"...Dear President Trump, My Tradition encourages me to pray for our appointed and elected government leaders. You are indeed the President of our United States. You were elected by the system, which has elected presidents since our inception as a Nation. The success of your work would be a good thing for my family, people and me. I will not participate in denying your legitimacy as our president because I have abhorred the actions of those who have done so to President Obama the past eight years.
"...It’s about who is better positioned to fix what is broken between the parties. The exercise of that awareness is just one of the obligations which come with power, and what distinguishes the ethical use of power from simple demagoguery...."
"...I must march. I am a woman in a male-dominated profession. I have been sneered at, grabbed, and sexually harassed. I have been ignored, belittled, and undervalued. I will march to show that none of this will stop me. I hope to join thousands of women who feel the same way, thousands who will raise their voices to be heard. Who will not settle for being treated as second class citizens in this great country of ours...."
"‘This really is the death of religion as an important force to repair society,' [Rabbi Irwin] Kula said. 'All that religion has become in America is a force to be used by political powers.'
As a result, on inauguration day, no matter who is praying or what they say, the polarization and politicization of the United States will be on display, Kula said.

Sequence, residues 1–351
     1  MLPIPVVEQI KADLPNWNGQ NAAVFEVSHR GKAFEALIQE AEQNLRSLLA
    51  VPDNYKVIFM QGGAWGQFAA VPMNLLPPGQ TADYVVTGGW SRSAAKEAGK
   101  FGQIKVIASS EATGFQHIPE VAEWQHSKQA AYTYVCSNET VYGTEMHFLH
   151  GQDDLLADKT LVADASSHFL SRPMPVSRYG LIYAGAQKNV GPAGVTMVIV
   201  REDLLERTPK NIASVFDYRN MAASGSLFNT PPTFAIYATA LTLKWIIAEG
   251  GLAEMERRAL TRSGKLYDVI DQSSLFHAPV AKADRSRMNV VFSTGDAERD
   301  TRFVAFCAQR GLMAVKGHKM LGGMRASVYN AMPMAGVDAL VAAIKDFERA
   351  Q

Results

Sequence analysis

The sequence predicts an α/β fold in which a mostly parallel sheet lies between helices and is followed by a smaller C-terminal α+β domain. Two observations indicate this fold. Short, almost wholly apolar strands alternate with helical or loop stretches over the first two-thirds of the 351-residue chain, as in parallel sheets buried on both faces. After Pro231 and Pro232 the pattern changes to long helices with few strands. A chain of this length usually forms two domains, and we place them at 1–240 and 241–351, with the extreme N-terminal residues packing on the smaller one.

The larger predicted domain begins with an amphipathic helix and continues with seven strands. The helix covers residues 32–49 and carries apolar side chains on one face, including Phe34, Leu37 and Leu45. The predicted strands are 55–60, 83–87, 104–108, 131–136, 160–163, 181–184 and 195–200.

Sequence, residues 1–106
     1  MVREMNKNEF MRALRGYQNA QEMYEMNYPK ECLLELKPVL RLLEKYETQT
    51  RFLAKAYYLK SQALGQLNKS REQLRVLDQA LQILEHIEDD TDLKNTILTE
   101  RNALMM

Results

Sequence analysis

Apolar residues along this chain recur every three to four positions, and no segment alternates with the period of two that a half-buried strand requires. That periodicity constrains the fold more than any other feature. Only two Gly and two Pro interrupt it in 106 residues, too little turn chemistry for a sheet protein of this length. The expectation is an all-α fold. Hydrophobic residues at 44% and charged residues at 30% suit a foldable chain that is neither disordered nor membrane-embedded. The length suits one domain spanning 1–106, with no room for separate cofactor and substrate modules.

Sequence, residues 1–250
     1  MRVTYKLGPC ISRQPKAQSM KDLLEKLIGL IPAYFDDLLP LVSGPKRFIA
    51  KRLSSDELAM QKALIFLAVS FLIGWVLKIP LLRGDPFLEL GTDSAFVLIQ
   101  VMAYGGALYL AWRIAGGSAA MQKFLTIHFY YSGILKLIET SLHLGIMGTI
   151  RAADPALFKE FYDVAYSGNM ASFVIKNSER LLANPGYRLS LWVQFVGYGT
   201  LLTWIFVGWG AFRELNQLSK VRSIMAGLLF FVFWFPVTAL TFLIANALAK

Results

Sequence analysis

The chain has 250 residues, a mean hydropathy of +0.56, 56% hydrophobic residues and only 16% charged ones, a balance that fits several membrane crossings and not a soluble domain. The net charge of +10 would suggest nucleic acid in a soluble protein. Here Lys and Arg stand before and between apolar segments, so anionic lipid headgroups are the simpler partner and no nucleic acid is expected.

Even so, Kula said he’s curious to see what Graham and Hier say in their prayers.
"Imprints," a poem by Clal teaching fellow Janet R. Kirchheimer, is one of the top five popular poems in the online journal, as well as one of the top five most shared articles/poems for 2016. Bearings Online is a journal of Collegeville Institute For Ecumenical Studies, a place of scholarship, worship, dialogue, and community immersed in the Benedictine rhythm of work and prayer.
"I recently received an amazing piece of mail. A large envelope arrived at my office, containing a letter and a bound document. The letter referred to a sermon I gave some 14 years ago. At that time, I encouraged each person present to create an ethical will – a personal statement of values, beliefs, stories – whatever it was that was they believed was their legacy. The bound document accompanying the letter was in fact the writer's ethical will.
"I have always viewed Mother Nature as being synonymous with happiness. It is literally the center of all things ‘Life.’ If you took five minutes right now to step outside and be one with nature, you would experience thousands of things all at once: the subtlety of the earth breathing, the wind blowing onto your face, the sunshine warming your body, the birds tittering in your ears. It's all there, whether we notice it or not.
"...We all love our ghosts, but sometimes we can resent them too. For parents who lost mates and raised children without them, the ghost-mate sometimes looms larger in disembodied legend and longing than they might have if death had not taken them early.
"A strange thing happened in the wake of the election, and is intensifying now that the inauguration is next week.
People want to be together in new and powerful ways...."
By Rabbi Seth Goldstein, a Rabbis Without Borders Fellow, from the Rabbis Without Borders Blog on My Jewish Learning.com
"A strange thing happened in the wake of the election, and is intensifying now that the inauguration is next week. People want to be together in new and powerful ways. For all of the talk of division and schism in this country, there also is a galvanizing and unifying force that is bringing people together to work for social change in a way that feels somewhat unprecedented.